SPRING INTO SUM­MER

The heat is on: it’s time to shed your cold-weather com­forts and gear up for the warmer months with an over­haul of your skin­care, hair-care and make-up reg­i­mens.

VOGUE Australia - - Contents - WORDS LILITH HARDIE LUPICA PHO­TO­GRAPHS JAN WELTERS

Gear up for the warmer months with an over­haul of your skin­care, hair-care and make-up reg­i­mens.

“COM­ING OUT OF WIN­TER, SKIN IS OF­TEN DE­HY­DRATED AND SUN-DAM­AGED, AS WE TEND TO BE LAZY WITH SUN PRO­TEC­TION”

Fall­ing into bad habits dur­ing the win­ter months is so easy it al­most seems as if wak­ing up late, skip­ping yoga and fall­ing be­hind on your skin­care reg­i­men was al­ways your rou­tine. And while longer, warmer days are wel­come when spring ar­rives, it also means a harsh light is thrown on your lax be­hav­iour. Adopt­ing a health­ier at­ti­tude to mind and body means now is the time to clean up your act and pre­pare for the warmer months ahead.

Rather than a dras­tic over­haul that’s bound to be aban­doned when it all seems too hard, set­ting your­self sim­ple goals will not only seem achiev­able when your 6am wake-up call sounds, but also re­al­is­tic. The small­est of changes to a rou­tine can do won­ders for your frame of mind, so think of th­ese tips as start­ing points for a trans­for­ma­tion that should stay with you long after sum­mer is over.

Fit it in

For per­sonal trainer and yogi Shona Vertue, who counts David Beck­ham as a client, tak­ing steps to­wards a bet­ter body means avoid­ing re­ac­tive work­outs and fo­cus­ing on track­ing your re­sults so you can see that what you have com­mit­ted to is work­ing. “What ex­er­cise prac­tice would you rec­om­mend for some­one look­ing to re­set their fit­ness goals?” “Yoga is a prac­tice than en­cour­ages mind­ful­ness. It asks that you pay more at­ten­tion to phys­i­cal sen­sa­tions and thoughts that may be hold­ing you back from achiev­ing health. And it’s re­ally about in­creas­ing aware­ness – when we have a bet­ter aware­ness of our body, we take bet­ter care of it – rather than hav­ing to take re­ac­tive, re­ha­bil­i­ta­tive mea­sures, by pay­ing at­ten­tion to early signs of sick­ness and in­jury be­fore it oc­curs. I would rec­om­mend more than just yoga, and al­ways sug­gest com­bin­ing it with re­sis­tance and car­dio­vas­cu­lar train­ing, to ‘re­set’ and achieve both a strong, flex­i­ble and ag­ile body.” “Once you’ve de­cided on your fit­ness goals, how do you sug­gest stick­ing to them?” “Keep­ing track of re­sults, not just how your body looks, but also how it’s chang­ing in strength, fit­ness and flex­i­bil­ity, is a great way to stay mo­ti­vated, as it shows you ev­i­dence that there is a point to all your hard work.” “What easy life­style changes do you rec­om­mend to clients look­ing to change their rou­tines for the bet­ter?” “Drink more wa­ter, eat more veg­eta­bles (of dif­fer­ent colours), move vig­or­ously every day (par­tic­u­larly if your job is quite seden­tary), make sure you con­sume enough pro­tein to match your in­creased ac­tiv­ity and re­duce your al­co­hol in­take.”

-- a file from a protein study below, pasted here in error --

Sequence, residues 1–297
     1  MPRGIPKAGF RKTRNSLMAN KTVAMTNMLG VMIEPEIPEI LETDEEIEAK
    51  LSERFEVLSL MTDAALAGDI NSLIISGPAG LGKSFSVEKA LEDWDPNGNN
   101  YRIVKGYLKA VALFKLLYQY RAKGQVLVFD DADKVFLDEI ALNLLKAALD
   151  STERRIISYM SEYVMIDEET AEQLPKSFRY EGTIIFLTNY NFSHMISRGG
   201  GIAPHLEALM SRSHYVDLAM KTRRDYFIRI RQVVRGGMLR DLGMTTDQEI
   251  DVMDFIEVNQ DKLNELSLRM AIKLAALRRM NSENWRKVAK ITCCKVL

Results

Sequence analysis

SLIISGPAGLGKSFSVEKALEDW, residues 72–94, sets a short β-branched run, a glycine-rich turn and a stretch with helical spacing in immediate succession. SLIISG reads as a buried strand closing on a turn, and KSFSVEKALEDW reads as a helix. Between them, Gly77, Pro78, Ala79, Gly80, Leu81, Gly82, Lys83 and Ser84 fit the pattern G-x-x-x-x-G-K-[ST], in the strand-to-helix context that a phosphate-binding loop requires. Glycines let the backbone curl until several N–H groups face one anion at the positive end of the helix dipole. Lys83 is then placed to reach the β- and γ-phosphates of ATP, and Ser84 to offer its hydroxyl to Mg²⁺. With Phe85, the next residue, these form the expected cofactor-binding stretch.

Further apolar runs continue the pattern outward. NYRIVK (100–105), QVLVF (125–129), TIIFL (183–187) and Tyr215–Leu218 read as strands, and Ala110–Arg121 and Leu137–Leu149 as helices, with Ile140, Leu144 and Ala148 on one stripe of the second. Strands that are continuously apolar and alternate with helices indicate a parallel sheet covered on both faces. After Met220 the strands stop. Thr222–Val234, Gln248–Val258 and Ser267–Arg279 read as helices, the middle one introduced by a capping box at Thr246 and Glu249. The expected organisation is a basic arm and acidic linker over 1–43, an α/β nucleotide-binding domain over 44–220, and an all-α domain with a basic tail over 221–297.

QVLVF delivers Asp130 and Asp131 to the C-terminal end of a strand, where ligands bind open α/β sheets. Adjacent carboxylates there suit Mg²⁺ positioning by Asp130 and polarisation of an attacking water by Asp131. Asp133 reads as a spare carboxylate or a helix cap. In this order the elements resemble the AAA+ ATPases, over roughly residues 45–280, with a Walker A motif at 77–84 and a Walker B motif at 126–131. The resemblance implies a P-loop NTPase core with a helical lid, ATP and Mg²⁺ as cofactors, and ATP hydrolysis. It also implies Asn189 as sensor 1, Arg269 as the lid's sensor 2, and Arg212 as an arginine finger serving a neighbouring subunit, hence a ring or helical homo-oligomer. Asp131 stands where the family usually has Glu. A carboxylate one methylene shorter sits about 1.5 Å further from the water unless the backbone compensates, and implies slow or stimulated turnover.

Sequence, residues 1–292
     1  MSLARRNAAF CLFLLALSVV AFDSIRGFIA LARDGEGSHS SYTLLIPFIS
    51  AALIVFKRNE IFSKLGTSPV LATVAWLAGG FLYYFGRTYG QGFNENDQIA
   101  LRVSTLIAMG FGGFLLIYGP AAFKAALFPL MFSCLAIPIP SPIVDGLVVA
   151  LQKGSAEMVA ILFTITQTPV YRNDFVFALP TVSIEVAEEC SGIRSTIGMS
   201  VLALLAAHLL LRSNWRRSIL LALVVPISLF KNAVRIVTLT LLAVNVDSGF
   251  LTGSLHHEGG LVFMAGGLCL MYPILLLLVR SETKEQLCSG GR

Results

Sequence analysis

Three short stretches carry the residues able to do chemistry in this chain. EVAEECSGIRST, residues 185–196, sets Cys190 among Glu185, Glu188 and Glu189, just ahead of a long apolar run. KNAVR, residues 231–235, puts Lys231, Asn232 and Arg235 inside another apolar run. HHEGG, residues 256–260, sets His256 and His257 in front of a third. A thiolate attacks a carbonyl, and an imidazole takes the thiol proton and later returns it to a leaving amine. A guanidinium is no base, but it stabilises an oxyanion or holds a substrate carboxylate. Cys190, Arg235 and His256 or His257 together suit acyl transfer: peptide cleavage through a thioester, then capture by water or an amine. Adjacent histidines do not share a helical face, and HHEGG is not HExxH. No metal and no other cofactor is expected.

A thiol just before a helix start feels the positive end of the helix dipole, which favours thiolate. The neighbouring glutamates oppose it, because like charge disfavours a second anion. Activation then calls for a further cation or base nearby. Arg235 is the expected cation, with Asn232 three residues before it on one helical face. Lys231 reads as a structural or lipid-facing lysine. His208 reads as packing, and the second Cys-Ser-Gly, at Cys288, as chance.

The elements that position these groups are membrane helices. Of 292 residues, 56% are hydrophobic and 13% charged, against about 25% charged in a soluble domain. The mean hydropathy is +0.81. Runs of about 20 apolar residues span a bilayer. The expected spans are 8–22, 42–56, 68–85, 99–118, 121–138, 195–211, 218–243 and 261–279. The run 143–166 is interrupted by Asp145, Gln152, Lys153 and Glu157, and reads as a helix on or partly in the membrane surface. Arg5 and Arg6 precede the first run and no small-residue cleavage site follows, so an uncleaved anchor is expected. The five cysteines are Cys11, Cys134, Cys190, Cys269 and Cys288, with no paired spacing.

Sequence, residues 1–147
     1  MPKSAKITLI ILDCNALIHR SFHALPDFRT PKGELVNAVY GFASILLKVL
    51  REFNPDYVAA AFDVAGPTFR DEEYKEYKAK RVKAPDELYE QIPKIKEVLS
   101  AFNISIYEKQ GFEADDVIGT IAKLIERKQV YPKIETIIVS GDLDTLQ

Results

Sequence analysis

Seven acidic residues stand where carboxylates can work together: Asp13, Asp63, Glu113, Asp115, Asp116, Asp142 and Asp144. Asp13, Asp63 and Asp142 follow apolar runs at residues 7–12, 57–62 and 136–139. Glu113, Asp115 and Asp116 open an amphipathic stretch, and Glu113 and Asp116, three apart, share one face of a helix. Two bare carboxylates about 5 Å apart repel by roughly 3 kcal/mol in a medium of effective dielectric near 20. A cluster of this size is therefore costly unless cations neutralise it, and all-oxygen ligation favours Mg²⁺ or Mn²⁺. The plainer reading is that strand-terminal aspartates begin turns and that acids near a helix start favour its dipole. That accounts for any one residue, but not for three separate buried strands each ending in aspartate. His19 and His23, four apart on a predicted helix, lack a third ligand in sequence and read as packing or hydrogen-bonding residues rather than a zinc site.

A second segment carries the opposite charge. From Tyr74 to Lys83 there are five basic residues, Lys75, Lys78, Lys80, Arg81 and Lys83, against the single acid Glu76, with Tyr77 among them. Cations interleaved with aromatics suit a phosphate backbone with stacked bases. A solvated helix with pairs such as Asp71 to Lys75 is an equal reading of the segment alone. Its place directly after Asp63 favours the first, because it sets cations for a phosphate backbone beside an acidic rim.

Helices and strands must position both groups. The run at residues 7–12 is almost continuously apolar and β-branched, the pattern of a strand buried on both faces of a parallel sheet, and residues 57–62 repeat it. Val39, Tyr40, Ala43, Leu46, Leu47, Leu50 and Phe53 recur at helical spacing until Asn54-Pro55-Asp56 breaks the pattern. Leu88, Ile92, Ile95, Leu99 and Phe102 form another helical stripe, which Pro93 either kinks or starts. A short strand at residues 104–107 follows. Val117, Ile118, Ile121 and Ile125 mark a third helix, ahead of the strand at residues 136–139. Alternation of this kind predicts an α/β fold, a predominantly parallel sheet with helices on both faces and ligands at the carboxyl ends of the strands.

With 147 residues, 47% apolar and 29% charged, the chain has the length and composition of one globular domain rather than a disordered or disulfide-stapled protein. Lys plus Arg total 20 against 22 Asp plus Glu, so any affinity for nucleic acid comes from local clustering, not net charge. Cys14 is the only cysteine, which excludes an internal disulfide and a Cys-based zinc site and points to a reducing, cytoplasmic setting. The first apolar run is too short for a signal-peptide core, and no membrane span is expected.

Mind over mat­ter

New goals, new you? No idea where to start? The first step in your re­ha­bil­i­ta­tion is to cre­ate re­al­is­tic goals and stick to them. First and fore­most, it’s im­por­tant to iden­tify what you want to achieve, says life coach Cyn­thia Talone on suc­cess­ful goal set­ting.

“This can be hard for many of us, as we can be re­ally great at know­ing what we don’t want. Eval­u­at­ing and re­flect­ing where we would like to be in five years, three years, one year, 6 months and 3 months from now is a great way to start the plan­ning process.”

Talone adds it’s best to think of your goals as step­ping stones at first, and stresses the im­por­tance of re­main­ing flex­i­ble. Adapt­ing to change and your sur­round­ings is the key to reach­ing your goals in the short and long terms.

“If we are not more spe­cific, re­al­is­tic and flex­i­ble when we cre­ate our goals, it can pre­vent us from achiev­ing them,” Talone says. “Aim­ing high is great, how­ever, we some­times get tripped up in the day-to-day grind and for­get to fo­cus our at­ten­tion on the small steps that are needed to help us achieve our goals.”

Oth­er­wise, the big­gest hur­dle Talone en­coun­ters with her clients in the goal-set­ting jour­ney stems from feel­ing un­wor­thy and not be­ing ag­ile in the long-term. She says this is an easy trap to fall into, but it’s im­por­tant to reg­u­larly take stock of how far you’ve come, even if you haven’t reached the fi­nal des­ti­na­tion.

Re­assess your make-up wardrobe